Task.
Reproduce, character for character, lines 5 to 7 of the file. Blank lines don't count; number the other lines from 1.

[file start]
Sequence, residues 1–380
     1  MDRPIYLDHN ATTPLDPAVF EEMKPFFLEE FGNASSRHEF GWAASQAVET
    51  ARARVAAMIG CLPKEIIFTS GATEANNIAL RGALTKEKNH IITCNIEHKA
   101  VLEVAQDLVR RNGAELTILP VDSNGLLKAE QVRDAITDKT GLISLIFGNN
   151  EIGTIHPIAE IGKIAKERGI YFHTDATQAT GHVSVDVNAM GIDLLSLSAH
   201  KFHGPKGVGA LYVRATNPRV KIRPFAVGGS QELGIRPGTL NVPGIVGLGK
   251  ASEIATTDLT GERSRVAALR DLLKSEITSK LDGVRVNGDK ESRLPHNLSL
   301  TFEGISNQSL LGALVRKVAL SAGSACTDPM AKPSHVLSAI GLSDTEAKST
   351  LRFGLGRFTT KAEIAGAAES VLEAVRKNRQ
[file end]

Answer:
   151  EIGTIHPIAE IGKIAKERGI YFHTDATQAT GHVSVDVNAM GIDLLSLSAH
   201  KFHGPKGVGA LYVRATNPRV KIRPFAVGGS QELGIRPGTL NVPGIVGLGK
   251  ASEIATTDLT GERSRVAALR DLLKSEITSK LDGVRVNGDK ESRLPHNLSL